What Is Endometriosis And Will It Affect My Fertility?
Endometriosis is an uncomfortable disorder that involves tissue (the endometrium) growing outside of your uterus when it should typically grow inside your uterus.
The tissue that should line the inside of your uterus can affect your ovaries and fallopian tubes and often causes a lot of pain.
With each menstrual cycle, the lining of your uterus sheds in the form of your monthly period. This lining will have built up over time and thickened before coming away as blood. When a woman has endometriosis, the lining continues to do this despite being placed outside of the Uterus. This means that the tissue has nowhere to shed (it would typically shed from your uterus through the cervix) and builds up. This can lead to cysts, adhesions and painful scar tissue.
The first symptom of endometriosis is usually pain. The pain may persist throughout your entire cycle or may flare up during your monthly period. The pain is often noted to be in the pelvic area but cramping can occur in the lower back, tummy and hip area also.
When endometriosis is present, everyday activities such as bowel movements can be really uncomfortable. Many women notice that this is particularly bad during their monthly period. Sexual intercourse may also be painful and bleeding at random times during the month may be frequent.
There are many similarities between endometriosis and other conditions such as Irritable Bowel Syndrome (IBS). Cramping, diarrhoea and constipation can all occur and make it difficult to diagnose the condition.
There are many reasons why endometriosis may happen for a woman. In some cases, doctors believe that when a woman has her monthly period some of the blood and tissue travels out through the fallopian tubes and into the abdominal cavity.
Other doctors notice the spread of endometriosis at a time of surgery, such as directly after a C-section. This may suggest that the cells from the lining of the uterus travel through the lymphatic system in the body to reach other organs. Other theories suggest that a woman’s immune system and genes may influence endometriosis.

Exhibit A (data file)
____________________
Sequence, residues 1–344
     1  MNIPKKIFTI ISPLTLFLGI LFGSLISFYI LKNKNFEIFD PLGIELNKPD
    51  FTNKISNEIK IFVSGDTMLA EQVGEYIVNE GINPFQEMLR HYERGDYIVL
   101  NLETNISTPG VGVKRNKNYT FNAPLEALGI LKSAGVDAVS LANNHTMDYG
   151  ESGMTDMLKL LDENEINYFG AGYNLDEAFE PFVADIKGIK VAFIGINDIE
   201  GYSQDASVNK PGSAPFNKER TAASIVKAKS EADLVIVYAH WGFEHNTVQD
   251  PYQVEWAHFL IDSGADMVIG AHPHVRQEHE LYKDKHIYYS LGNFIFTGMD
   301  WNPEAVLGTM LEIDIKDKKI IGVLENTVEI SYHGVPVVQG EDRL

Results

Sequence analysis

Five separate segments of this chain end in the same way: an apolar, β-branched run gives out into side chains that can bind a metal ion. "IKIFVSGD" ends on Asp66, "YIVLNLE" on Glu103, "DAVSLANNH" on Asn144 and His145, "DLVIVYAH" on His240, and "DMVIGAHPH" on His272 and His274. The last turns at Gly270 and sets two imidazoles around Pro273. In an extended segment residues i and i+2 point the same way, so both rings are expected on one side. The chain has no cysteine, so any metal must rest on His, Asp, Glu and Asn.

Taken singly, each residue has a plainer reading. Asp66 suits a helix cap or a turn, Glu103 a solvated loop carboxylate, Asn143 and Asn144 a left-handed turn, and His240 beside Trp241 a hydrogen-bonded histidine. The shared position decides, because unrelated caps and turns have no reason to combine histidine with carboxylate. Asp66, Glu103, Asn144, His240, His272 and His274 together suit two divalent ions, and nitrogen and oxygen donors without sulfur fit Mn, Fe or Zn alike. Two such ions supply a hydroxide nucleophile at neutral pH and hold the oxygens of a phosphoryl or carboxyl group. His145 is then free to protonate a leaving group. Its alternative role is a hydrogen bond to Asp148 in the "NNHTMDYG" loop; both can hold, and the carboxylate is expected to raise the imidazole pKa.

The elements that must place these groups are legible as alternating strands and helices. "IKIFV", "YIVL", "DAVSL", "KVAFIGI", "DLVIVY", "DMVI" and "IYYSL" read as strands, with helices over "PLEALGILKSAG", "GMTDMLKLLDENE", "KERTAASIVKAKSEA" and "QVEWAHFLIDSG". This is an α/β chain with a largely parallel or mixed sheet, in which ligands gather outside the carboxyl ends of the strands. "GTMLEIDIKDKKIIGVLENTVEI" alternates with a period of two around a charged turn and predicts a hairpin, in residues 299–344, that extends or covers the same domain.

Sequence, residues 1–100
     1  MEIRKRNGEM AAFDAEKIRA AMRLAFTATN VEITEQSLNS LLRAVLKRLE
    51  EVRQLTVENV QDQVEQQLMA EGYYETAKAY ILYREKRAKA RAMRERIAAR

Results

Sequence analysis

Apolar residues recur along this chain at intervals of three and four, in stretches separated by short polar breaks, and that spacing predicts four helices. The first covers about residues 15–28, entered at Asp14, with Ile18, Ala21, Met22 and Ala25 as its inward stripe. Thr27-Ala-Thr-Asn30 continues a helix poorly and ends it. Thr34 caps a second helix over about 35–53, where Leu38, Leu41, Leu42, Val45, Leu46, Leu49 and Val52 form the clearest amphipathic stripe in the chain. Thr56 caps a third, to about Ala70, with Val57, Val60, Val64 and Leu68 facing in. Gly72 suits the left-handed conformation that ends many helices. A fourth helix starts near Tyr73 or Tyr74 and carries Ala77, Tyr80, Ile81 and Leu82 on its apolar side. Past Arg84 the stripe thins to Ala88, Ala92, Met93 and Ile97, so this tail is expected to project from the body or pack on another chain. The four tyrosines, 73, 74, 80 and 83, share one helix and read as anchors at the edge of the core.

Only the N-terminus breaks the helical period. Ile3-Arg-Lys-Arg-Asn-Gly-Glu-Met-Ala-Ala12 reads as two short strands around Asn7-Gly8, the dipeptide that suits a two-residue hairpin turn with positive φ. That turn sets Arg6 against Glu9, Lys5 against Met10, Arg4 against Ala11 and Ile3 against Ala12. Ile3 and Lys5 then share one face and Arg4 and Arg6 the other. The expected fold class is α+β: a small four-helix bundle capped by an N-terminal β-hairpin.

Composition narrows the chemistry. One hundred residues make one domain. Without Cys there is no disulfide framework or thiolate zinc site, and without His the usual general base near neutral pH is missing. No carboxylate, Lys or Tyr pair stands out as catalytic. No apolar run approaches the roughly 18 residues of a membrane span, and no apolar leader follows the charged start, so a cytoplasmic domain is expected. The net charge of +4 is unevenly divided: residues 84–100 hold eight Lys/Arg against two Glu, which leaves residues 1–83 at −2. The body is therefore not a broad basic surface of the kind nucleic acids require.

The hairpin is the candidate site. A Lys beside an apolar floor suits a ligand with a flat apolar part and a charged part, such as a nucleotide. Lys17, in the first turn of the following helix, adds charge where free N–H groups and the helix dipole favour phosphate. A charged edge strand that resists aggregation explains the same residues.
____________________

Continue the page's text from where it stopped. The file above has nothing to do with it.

The disorder is usually diagnosed with laparoscopy which is a surgery whereby the doctor observes the abdomen through a small camera that is fed through the belly button.
Endometriosis can cause problems with fertility. The inflammation can affect the way the ovaries and uterus function. It may also affect the fallopian tubes’ ability to pick up an egg after ovulation has occurred. Surgery can help to burn endometriosis lesions which can eliminate pain but also aids in fertility. With the help of medication, the chance of conceiving while suffering from endometriosis is very high. In fact, pregnancy actually improves endometriosis for many women. Breastfeeding has also been known to slow down the rate at which endometriosis grows.
Your fertility plan is likely to place a great deal of attention on your food and lifestyle choices too. Studies have shown that a diet rich in red meat and low in fruit and vegetables may increase the risk of endometriosis. Fish oils and antioxidants may be recommended as well as decreasing your consumption of alcohol, caffeine and sugar.
A healthy diet and regular exercise will help you maintain a healthy weight which is known to help with endometriosis. When your body is at a healthy weight it can manage the symptoms of endometriosis much better.
Written by Tracey Quinn staff writer at FFHQ who also blogs at www.loveofliving.ie.